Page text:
VALDOSTA — Over five years have passed since Hayden Barnes learned of his expulsion from Valdosta State University by a letter slipped under his dorm-room door, and now, with closing arguments wrapped on Wednesday, the trial moves into its fifth day as jurors work to determine whether Dr. Ronald Zaccari, previous university president, was justified in his termination of Barnes.
Barnes was administratively withdrawn from VSU during May of 2007, after engaging in a battle against Zaccari over the then-proposed parking decks between Oak Street and Sustella Avenue. Barnes had lobbied for more alternatives to the parking project, reasoning that the proposed location and size of the two decks would encourage students to drive more.
A dialogue had been opened between the two before the expulsion, but their first meeting happened to be on the day a lone shooter forever changed Virginia Tech (April 16, 2007).
David Will, Zaccari’s attorney, harked back to testimony from the university’s communication director who likened the Virginia Tech shooting to 911 for university systems. At that point, safety and security became an even greater priority on campuses around the country, stated Will.
Barnes posted a political cartoon on Facebook that depicted the proposed parking deck and bore the labeled, “S.A.V.E. – Zaccari Memorial Parking Garage.” Use of the term “memorial” prompted Zaccari to fear for his life, according to his counsel, especially with details of the Virginia Tech shooting still dominating news outlets.
The story begins on March 22 and not on April 16, advocated Attorney Robert Corn-Revere on Barnes’ behalf. Zaccari was stonewalled by students in the past when he attempted to convert the University’s iconic front lawn into a parking lot, and feared that Barnes’ protests would jeopardize the parking deck, said Corn-Revere.
“I think Hayden is a very bright guy who chooses his words carefully,” said Will. “What do we think of when we hear the word memorial? Lincoln Memorial, Martin Luther King Jr. Memorial and so on. We memorialize dead people. It means one thing and one thing alone. It was a threat. Was Dr. Z scared? Yes. And was there any testimony or evidence to the contrary? No.”
Zaccari was looking for any route he could find to dismiss Barnes, according to Corn-Revere, although no one, including the university police chief, found any information about Barnes that would classify the junior transfer as a threat.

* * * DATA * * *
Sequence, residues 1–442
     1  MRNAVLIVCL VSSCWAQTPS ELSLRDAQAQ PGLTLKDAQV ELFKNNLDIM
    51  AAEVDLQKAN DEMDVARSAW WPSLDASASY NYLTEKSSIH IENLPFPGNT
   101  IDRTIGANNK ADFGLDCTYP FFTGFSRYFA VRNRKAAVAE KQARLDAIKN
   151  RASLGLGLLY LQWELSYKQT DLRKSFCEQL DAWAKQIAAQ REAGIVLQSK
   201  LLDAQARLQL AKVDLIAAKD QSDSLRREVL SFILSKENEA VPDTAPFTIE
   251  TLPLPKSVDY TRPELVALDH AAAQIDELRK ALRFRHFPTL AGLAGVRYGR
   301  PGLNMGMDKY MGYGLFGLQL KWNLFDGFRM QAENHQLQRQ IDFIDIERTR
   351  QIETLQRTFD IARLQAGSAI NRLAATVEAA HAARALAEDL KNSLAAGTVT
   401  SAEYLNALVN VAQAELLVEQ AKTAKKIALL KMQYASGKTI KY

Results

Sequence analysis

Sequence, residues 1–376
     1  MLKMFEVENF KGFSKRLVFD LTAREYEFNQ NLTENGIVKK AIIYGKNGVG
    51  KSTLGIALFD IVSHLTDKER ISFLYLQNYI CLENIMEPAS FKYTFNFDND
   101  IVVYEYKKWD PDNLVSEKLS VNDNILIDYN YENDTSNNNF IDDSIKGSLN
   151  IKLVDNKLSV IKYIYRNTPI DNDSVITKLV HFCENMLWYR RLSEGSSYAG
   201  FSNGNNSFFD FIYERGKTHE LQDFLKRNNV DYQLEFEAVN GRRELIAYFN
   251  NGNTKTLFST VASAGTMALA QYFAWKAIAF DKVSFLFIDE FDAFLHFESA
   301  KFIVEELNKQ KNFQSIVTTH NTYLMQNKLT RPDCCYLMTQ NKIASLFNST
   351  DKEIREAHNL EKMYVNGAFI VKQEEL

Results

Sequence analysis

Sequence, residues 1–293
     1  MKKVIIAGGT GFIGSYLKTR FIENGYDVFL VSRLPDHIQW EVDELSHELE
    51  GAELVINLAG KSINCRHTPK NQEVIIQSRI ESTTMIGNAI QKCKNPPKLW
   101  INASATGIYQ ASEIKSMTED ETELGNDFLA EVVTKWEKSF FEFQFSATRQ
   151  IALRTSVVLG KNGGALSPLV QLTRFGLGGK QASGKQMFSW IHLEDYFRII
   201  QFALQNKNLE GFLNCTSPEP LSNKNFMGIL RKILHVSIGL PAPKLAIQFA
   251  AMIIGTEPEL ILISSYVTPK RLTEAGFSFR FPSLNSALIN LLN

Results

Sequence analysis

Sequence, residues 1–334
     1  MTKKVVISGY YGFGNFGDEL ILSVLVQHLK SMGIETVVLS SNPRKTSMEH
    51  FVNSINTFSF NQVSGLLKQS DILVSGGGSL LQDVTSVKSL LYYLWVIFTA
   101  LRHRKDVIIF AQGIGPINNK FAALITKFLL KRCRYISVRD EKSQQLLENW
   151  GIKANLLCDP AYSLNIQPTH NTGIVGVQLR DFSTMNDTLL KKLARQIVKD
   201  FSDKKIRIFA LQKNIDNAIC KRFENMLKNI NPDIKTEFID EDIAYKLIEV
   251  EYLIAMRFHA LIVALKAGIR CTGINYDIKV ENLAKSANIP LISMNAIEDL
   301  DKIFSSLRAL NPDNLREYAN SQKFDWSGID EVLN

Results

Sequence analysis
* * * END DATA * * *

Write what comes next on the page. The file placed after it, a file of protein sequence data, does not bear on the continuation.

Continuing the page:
“When Dr. Zaccari testified, he said Barnes was under-performing and doesn’t know why he was ever admitted to the university,” said Corn-Revere. “Why would Dr. Zaccari know that much about a single student. It’s because he wanted a way to get rid of this particular student and had been spending large amounts of time analyzing Hayden’s background and surveilling him.”
When Barnes’ grades began improving, Zaccari looked for other ways to get rid of him and began focusing on the e-mails and the political cartoon, said Corn-Revere. And on a day deemed the 911 of university systems, Barnes and Zaccari held a meeting to discuss the parking deck, stated Corn-Revere.
“It’s absurd for the defense to use the Virginia Tech shooting as a reason for Dr. Zaccari’s action,” said Corn-Revere after turning to lock eyes with Zaccari. “That’s like using the victims of that tragedy as a human shield here in court. Don’t let this man get away with that.”
Should the jury rule against Zaccari, Will said he should be awarded $1 in nominal damages because Zaccari doesn’t deserve to be punished and Barnes is undeserving of compensation for lost wages and emotional distress. Barnes’ parents paid all of his tuition, his girlfriend covered his rent and no doctors testified to his suffering as a result of the dismissal, stated Will.
“As Dr. Zaccari testified, he had been an administrator for 47 years before retiring — he came back to VSU to lead,” said Will. “Dr. Zaccari balanced out the rights of this young man with his own safety concerns. The plaintiff’s counsel tells you they want justice, but what they really want is money. Justice works both ways, and it would be wrong to return an unfavorable verdict against Dr. Zaccari.”
There was a possibility that Barnes could return to VSU, according to Con-Revere, but the conditions were steep as Barnes would have had to consult regularly with a therapist throughout the remainder of his time at the school.
“The defense would have us believe that this young man should send a fruit basket to Dr. Zaccari because Hayden is now in law school, he has a beautiful wife and they have a baby on the way,” said Corn-Revere. “Dr. Zaccari said he gave Hayden the opportunity to leave, and that’s like an employer firing someone and saying they did it to give the ex-employee the opportunity for a career change.”
The verdict is expected to be returned today.